Smart city mission: Implementation begins only in 49 out of 731 projects
Of the 731 smart city projects worth Rs 46,366 crore approved so far, implementation has started in 49 (6.7%). And 24 projects (3.3%) have been completed as of January 2017.Updated: Mar 06, 2017 09:48 IST
Almost two years after the NDA government’s flagship mission to develop 100 smart cities was launched, progress in the 60 cities selected so far is yet to pick up pace.
Of the 731 smart city projects worth Rs 46,366 crore approved so far, implementation has started in 49 (6.7%). And 24 projects (3.3%) have been completed as of January 2017.
According to figures on the Union urban development ministry’s website, 49.5% projects are yet to be initiated. Of the 60 cities selected so far, projects have started on the ground in the first batch of 20 chosen by the ministry last January. Work is yet to take off in 40 cities that were selected last September.
India plans to have 100 such cities by 2022. While 60 have been chosen so far, the ministry plans to select the remaining 40 by June. Meant to change the way urban India lives, smart cities will enjoy uninterrupted power and water supplies, efficient public transport, internet connectivity, and e-governance along with quality infrastructure.
BJP-ruled states – Madhya Pradesh, Rajasthan, Gujarat and Maharashtra – are ahead in the race.
Indore, Bhopal and Jabalpur have started implementing 20 of the 159 projects that were approved for these three cities and completed 12. Surat and Ahmedabad have started work on eight of the 49 projects and completed two while Udaipur and Jaipur have completed three of the 91 projects that were selected.
Among non-BJP states, the AAP-ruled New Delhi is ahead. The New Delhi Municipal Council, which was chosen to be developed as a model smart city, has started implementation in six of 40 projects. It has completed four projects so far.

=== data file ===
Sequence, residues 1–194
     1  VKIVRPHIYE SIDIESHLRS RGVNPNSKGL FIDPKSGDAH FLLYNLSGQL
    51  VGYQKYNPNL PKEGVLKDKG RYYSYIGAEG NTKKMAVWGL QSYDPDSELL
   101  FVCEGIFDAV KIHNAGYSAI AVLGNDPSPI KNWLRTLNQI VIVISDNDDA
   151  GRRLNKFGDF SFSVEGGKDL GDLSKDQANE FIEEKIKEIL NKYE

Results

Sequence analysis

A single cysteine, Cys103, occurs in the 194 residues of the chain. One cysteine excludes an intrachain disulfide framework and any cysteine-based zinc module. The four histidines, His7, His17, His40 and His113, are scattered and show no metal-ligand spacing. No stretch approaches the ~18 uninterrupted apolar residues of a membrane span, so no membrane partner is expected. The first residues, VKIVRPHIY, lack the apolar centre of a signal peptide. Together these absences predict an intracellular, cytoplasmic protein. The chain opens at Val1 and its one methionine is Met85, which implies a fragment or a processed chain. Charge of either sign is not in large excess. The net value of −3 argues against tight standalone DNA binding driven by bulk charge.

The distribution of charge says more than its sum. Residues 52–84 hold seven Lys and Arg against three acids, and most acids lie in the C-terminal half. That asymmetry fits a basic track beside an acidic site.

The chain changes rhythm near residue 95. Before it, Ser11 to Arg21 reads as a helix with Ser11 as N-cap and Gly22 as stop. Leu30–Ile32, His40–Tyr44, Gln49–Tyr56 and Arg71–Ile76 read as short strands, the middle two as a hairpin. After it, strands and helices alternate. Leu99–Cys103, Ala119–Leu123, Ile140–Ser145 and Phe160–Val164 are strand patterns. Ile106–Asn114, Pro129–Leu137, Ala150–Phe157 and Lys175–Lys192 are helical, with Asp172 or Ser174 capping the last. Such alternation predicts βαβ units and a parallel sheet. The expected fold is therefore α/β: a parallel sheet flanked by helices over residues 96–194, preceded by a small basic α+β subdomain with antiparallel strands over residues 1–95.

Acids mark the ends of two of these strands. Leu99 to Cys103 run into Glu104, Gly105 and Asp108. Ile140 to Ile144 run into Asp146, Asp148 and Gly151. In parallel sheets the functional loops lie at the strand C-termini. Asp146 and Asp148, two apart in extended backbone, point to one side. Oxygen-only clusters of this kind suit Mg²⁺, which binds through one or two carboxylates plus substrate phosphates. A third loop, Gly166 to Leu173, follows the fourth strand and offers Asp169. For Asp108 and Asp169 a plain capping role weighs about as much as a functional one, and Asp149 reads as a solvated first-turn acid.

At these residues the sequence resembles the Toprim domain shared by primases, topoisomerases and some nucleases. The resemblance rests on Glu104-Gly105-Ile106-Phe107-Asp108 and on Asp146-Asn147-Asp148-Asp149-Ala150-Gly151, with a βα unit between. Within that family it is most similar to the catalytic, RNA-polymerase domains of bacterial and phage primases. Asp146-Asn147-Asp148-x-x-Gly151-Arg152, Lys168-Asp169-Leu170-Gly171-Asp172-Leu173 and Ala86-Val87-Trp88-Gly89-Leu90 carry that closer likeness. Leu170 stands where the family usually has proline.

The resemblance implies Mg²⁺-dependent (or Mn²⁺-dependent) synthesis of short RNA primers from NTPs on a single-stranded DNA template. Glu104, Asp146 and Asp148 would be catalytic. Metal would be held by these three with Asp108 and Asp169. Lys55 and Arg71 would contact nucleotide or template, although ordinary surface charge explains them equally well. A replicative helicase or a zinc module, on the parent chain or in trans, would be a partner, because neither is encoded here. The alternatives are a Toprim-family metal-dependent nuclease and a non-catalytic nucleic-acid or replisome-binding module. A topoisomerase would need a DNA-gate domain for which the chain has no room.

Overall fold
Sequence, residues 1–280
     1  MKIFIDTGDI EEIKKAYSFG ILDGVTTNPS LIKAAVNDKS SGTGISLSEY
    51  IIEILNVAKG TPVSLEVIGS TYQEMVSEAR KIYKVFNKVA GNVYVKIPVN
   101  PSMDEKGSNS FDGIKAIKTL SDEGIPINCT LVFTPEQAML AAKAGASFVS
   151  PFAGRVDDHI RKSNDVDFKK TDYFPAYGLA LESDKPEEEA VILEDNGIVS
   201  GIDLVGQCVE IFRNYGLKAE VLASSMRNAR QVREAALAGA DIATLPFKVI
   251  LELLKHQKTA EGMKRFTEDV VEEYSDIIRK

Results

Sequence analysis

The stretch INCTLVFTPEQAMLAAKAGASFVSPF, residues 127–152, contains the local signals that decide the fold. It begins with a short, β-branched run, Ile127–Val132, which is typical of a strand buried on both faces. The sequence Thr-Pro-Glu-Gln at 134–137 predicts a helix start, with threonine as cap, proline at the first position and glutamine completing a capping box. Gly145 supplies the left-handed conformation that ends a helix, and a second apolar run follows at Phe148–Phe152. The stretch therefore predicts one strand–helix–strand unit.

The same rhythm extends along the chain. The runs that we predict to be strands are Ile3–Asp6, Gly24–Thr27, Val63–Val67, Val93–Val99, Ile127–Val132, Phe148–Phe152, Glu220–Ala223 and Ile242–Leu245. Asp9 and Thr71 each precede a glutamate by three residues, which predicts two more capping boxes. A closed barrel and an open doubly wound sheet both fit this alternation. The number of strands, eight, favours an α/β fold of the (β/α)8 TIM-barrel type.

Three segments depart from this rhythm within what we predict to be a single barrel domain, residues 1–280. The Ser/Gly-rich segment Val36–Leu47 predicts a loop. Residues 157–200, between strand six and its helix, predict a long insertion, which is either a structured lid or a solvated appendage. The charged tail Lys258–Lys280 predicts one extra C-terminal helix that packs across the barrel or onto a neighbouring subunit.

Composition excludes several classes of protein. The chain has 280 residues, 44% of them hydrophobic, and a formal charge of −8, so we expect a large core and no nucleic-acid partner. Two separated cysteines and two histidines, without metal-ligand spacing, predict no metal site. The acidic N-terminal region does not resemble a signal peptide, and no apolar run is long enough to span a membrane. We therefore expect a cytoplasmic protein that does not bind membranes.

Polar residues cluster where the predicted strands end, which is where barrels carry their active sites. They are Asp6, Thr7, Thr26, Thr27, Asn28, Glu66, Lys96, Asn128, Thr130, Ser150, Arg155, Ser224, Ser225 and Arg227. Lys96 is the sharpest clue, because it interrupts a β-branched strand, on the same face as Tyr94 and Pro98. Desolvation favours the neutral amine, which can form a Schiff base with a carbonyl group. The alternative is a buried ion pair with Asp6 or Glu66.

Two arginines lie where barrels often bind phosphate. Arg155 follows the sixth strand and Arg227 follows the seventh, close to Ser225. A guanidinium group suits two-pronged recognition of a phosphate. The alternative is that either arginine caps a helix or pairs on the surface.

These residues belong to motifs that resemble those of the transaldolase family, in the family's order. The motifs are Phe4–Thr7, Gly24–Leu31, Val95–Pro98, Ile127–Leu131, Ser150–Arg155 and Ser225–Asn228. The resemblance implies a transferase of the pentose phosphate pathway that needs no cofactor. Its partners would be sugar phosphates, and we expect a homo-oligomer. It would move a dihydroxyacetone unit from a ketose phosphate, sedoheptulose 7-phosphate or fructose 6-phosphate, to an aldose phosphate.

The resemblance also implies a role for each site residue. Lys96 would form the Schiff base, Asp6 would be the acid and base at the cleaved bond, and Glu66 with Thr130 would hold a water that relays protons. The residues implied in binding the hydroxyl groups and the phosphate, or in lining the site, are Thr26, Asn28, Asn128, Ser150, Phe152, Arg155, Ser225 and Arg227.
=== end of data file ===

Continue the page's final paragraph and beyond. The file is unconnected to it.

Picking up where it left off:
Asked the reason for the slow implementation, Sameer Sharma, additional secretary incharge of the smart cities programme in the ministry, told HT, “It’s the tendering (to award projects) that takes time. We are following a complex tendering process unlike normal tendering where the lowest bidder is awarded projects. A lowest bidder might not have the requisite expertise to carry out a smart city project.”
Sharma added that the implementation was on track and cities were confident they would be able to show results on the ground.
The ministry, however, claimed that all the 20 cities selected in the first batch had firmed up their investment plans, achieving an overall Investment Conversion Rate (ICR) of 49%. The ICR indicates the extent of conversion of approved smart city plans into investment through ground-level implementation.
Five cities, including Nagpur, Vadodara and Surat, have achieved an ICR of 90%.
“Firming up investment, however, does not mean that work has started on the ground. It just paves the ground for expeditious award of projects,” said a ministry official who did not wish to be named.
Under the smart city programme, each city will be given Rs 500 crore by the Centre over five years. The states will have to make a matching contribution.